The most award winning
healthcare information source.
TRUSTED FOR FOUR DECADES.
Hospitals have to designate a privacy officer as mandated by the Health Insurance Portability and Accountability Act (HIPAA) of 1996. But hospitals are wondering: With so many privacy functions already falling under the health information realm, do they really need a separate position?
The American Health Information Management Association (AHIMA) in Chicago recently offered its thoughts on the subject by releasing a sample privacy officer job description. AHIMA supports the idea of HIM professionals being used in that capacity. "The privacy function is not new and has been conscientiously embraced by health information management (HIM) professionals for decades," the association says.
"Credentialed HIM professionals are uniquely qualified to be the designated privacy official as required by HIPAA through their academic preparation, work experiences, commitment to patient advocacy, and professional code of ethics," says AHIMA’s president, Linda L. Kloss, MA, RHIA.
A person approaching the privacy officer position from ground zero would have to make sure policies are consistent throughout each of the organization’s entities, standardize the policies, and promote privacy throughout the institutions and the entities as well as to the consumers, says Ray Pinder, MS, RHIA, director of Medical Record Services, Holy Redeemer Health System, Meadowbrook, PA.
"If some organizations are going to recruit [a privacy officer], I think there’s going to be quite a bit of overlapping of that person’s domain vs. the HIM director’s domain." he says. "Medical records and health information management folks have been dealing with information on privacy and confidentiality during their entire careers."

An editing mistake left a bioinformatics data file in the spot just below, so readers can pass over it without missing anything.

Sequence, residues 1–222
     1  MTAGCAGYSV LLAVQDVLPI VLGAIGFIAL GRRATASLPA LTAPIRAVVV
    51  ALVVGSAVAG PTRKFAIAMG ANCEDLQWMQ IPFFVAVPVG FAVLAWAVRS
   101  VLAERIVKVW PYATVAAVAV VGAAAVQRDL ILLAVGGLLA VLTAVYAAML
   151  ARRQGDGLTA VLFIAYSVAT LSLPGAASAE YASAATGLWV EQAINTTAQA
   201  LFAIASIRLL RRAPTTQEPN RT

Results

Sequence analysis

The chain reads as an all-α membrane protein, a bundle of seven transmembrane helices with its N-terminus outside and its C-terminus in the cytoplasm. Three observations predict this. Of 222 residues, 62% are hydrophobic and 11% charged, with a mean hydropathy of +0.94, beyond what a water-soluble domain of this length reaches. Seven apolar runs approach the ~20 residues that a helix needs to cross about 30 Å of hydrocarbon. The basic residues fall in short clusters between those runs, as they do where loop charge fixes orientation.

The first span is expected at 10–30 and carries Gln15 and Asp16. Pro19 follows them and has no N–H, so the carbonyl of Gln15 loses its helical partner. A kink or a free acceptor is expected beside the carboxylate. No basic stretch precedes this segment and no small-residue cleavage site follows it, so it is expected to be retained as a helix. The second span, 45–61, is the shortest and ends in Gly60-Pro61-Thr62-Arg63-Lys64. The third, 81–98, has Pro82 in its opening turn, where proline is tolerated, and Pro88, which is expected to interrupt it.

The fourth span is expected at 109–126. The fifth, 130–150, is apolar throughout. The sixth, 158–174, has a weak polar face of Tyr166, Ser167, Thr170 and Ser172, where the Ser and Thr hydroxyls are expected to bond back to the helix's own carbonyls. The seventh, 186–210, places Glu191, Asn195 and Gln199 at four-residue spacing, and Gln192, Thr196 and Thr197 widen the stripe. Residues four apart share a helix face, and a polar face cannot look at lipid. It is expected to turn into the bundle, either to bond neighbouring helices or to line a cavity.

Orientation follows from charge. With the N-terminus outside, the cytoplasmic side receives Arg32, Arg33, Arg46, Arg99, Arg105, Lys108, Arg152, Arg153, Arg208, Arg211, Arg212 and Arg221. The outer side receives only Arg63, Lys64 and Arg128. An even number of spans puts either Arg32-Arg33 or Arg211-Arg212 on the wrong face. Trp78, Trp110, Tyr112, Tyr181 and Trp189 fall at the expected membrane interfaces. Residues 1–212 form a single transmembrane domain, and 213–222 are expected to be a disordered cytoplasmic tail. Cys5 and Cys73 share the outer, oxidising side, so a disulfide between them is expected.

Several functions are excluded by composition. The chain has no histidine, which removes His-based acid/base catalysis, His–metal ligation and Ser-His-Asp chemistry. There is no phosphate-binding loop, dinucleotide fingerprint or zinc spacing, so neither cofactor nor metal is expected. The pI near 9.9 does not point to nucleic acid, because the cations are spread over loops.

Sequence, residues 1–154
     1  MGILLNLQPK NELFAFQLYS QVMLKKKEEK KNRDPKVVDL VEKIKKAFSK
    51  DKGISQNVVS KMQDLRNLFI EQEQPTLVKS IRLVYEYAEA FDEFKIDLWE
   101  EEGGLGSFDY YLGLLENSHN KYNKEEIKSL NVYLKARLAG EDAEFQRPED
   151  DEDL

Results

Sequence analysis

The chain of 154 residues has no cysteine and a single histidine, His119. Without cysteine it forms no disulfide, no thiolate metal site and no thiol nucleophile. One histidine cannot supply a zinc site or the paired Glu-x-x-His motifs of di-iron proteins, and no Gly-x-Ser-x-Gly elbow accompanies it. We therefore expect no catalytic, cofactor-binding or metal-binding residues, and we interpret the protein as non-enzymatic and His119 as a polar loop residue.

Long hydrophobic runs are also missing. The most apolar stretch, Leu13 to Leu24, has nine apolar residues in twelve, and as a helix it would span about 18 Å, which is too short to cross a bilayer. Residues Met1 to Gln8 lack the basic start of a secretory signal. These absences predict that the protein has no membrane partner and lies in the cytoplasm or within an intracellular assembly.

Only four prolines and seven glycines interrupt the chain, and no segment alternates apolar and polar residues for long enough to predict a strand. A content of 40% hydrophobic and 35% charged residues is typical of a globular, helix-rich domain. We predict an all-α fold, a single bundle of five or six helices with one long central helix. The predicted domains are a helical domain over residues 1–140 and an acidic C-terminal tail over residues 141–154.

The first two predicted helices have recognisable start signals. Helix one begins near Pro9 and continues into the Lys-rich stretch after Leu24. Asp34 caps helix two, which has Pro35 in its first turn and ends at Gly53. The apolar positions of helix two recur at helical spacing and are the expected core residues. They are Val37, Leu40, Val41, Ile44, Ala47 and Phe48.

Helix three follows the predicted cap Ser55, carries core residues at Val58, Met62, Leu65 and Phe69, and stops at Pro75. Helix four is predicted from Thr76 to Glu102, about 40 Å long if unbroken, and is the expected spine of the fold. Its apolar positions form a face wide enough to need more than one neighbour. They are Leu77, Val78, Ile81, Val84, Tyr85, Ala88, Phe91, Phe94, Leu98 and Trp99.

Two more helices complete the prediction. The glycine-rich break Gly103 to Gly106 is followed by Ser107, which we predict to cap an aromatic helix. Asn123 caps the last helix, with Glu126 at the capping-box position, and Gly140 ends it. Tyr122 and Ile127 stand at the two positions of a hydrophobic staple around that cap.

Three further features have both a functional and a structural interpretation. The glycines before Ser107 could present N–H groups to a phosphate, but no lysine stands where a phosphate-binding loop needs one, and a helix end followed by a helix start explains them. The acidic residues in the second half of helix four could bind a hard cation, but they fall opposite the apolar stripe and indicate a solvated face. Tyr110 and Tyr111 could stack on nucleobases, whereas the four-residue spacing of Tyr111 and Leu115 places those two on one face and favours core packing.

One industry analyst says she is not sure if many hospitals will actually build a privacy officer position. "I think most will either roll it right into the HIM Director’s normal responsibility or split the functions somewhere between the HIM director, compliance officer, IT director, and risk manager," says Darice Grzybowski, RHIA, manager, HIM Industry Relations with 3M Corporation -Health Information Systems, LaGrange Park, IL.
Issues such as the position of privacy officer are hot topics for Holy Redeemer’s HIPAA steering committee. The committee is made up of 24 members from the different entities in the health system, including long-term care facilities, visiting nursing associations, home care, a hospital, and an assisted living entity.
The committee is broken down into five subcommittees to handle the "five key areas of HIPAA": 1) electronic transactions/code sets and electronic signature; 2) assessments and contracts; 3) education; 4) security; and 5) privacy. Pinder is co-chair of the privacy subcommittee. The health system’s corporate compliance officer is the other co-chair.
The steering committee has actively discussed the AHIMA job description for privacy officer, Pinder says, and the need for the health system to have a privacy officer and a security officer. But the decision about how to fill those positions has been put on hold. "Because the security aspects of HIPAA have not been finalized yet through Congress, and because there is still a lot of debate about the privacy regulations, the organization doesn’t want to name or hire individuals to fill those capacities at this time."
The overlap of duties also gives the health system time to consider its choices. "Some of those duties mentioned in the AHIMA job description, such as the as policies and procedures on confidentiality and privacy, and patient access to information, are already overseen by the HIM director," Pinder says. "That’s why we are taking the stand right now that we don’t believe it’s the right time to hire the individuals until we really know the definite, final regulations on those two hot areas."
From its evaluation of the job description, the committee also knows that the duties of the subcommittees will be interrelated, such as the task of educating the employee population as well as the consumer population on privacy. "[The privacy subcommittee] will hook up with the subcommittee on education, help it to design the programs, and even be part of the programs when we roll them out."
In its job description, AHIMA assumed the privacy officer would report to the chief executive officer or maybe to the chief information officer. Pinder reports to the chief information officer. "Several members of senior management sit on the steering committees. Therefore, senior-level support is not in question," says Pinder.